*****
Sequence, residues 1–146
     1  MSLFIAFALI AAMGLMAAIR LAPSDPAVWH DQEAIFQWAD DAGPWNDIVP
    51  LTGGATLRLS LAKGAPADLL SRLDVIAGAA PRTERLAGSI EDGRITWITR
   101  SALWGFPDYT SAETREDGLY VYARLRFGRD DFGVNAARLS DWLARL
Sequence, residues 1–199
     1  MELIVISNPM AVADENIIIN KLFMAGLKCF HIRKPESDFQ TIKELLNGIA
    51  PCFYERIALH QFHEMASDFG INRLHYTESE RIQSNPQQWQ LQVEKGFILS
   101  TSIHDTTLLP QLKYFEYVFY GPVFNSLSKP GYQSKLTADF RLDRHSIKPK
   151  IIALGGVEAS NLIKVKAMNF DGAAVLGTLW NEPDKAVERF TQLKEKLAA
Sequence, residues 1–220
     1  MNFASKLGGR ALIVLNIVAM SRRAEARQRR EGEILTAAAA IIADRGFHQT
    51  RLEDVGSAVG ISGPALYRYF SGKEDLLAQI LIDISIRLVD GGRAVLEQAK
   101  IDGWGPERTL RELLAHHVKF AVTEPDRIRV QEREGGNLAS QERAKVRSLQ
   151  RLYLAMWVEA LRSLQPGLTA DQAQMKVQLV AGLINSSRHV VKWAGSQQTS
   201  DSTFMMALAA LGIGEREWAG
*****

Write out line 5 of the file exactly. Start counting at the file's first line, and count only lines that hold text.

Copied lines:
Sequence, residues 1–199